OREANDA-NEWS. Fitch Ratings has assigned an 'AA+' rating to the following Washington County, MD general obligation (GO) bonds:

--$20.6 million public improvement bonds of 2016;
--$9.7 million refunding bonds of 2016.

The bonds are expected to sell on May 3 via competitive bid. The proceeds of the bonds will be used to finance the costs of various public improvement projects of and for the county and to refund certain outstanding GO bonds of the county.

In addition, Fitch affirms the county's 'AA+' Issuer Default Rating (IDR) and the 'AA+' rating on $175 million in outstanding GO bonds.

The Rating Outlook is Stable.

The bonds are GOs of the county, backed by its full faith and credit pledge and unlimited taxing power.


Analytical Conclusion: The 'AA+' rating reflects the county's solid resource base that has yielded a strong financial profile, favorable debt position, and affordable other long-term liabilities.

Economic Resource Base: Washington County is located in northwestern Maryland, bounded by Pennsylvania, Virginia and West Virginia. The county seat, Hagerstown, is 70 miles northwest of Washington, D.C. and 72 miles west of Baltimore, Maryland. Population growth since 2010 of 1.5% has been modest relative to state and national growth. The 2015 population is estimated at 149,585. Employment opportunities are sufficiently diverse but are generally focused in lower-wage sectors including manufacturing, distribution, retail, and government.

Revenue Framework: 'aa' factor assessment
The county has strong revenue flexibility given the independent legal ability to increase property taxes without limitation. The county gains additional flexibility from the ability to increase the income tax rate, which is the county's second largest revenue source.

Expenditure Framework: 'aa' factor assessment
The county has a proven history of holding spending below revenues during and after the recession resulting in either breakeven or surplus operating results. This is somewhat offset by labor agreements and the limited flexibility to reduce education spending without state approval. Carrying costs are low at 9.8% of governmental spending.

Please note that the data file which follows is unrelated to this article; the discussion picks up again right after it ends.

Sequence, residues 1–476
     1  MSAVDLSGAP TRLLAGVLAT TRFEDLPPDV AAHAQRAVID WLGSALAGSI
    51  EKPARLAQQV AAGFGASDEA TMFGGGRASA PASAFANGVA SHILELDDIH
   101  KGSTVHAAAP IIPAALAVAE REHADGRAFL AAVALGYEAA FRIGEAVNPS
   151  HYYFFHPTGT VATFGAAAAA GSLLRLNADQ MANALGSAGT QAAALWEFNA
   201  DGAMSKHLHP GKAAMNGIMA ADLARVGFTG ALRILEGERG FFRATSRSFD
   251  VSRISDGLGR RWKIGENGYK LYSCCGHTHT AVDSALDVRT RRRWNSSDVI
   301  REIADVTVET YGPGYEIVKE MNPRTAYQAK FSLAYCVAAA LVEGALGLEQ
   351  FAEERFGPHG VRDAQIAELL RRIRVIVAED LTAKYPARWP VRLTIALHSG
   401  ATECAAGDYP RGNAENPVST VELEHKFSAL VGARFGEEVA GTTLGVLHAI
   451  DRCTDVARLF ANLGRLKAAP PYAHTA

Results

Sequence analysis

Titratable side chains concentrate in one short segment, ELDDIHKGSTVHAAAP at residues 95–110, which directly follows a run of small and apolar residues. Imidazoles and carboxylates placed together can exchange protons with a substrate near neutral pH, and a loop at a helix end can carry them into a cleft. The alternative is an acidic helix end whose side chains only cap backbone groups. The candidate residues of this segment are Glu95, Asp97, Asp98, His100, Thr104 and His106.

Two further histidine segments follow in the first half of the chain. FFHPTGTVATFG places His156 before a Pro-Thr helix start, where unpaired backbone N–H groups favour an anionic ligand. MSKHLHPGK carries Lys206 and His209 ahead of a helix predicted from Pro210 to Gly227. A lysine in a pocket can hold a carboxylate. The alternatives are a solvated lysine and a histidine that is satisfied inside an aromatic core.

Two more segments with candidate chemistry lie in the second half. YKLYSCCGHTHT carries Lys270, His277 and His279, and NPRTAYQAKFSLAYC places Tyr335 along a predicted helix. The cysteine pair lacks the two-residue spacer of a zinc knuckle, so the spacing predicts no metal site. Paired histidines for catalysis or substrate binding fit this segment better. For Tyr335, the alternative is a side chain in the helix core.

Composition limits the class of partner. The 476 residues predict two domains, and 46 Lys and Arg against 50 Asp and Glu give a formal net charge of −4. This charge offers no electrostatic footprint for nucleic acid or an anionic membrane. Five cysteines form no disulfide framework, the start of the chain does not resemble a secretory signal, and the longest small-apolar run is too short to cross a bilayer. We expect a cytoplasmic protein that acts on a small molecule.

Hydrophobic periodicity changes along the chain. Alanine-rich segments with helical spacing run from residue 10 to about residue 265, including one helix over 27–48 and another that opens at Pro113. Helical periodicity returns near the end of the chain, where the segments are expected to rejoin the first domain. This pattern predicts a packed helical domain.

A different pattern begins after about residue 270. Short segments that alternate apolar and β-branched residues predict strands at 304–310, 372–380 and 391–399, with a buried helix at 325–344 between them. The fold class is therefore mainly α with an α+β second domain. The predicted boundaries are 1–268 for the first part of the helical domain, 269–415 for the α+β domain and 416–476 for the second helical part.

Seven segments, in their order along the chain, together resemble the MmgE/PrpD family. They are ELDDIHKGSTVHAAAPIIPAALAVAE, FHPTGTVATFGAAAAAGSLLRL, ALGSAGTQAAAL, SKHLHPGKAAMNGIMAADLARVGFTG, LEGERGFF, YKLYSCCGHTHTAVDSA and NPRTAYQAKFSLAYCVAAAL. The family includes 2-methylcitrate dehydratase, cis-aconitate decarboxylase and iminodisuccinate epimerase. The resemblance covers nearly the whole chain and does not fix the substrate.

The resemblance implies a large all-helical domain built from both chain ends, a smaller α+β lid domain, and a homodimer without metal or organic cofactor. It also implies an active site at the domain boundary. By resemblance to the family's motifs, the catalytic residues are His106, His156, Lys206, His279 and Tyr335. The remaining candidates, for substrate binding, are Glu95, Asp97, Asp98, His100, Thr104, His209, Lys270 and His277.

Long-Term Liability Burden: 'aaa' factor assessment
The county's combined debt and unfunded pension liability burden is low. Additional debt plans are affordable and should not notably impact ratios given rapid (76% in 10 years) amortization of outstanding debt and modest borrowing needs.

Operating Performance: 'aaa' factor assessment
Operating performance is stellar with consistently breakeven or surplus results without the need of revenue enhancements or use of reserves. The county maintains sound reserves in and outside the general fund.

Positive Economic/Revenue Trends Expectation: Sustained tax base growth and consequently revenue growth trends could put positive pressure on the rating. A change in the county's fiscal management policies could be downward pressure on the rating, although that is not expected.


Revenue Framework
Typical of Maryland counties, property and income taxes produce the bulk of general fund revenue, at approximately 57% and 35%, respectively, for fiscal 2015. Property tax revenues have declined annually between fiscal years 2012 and 2015, reflecting a decline in taxable assessed value, which is somewhat due to Maryland's revaluation process. However, collections rates remain solid and estimated fiscal 2016 values show a 1.3% increase.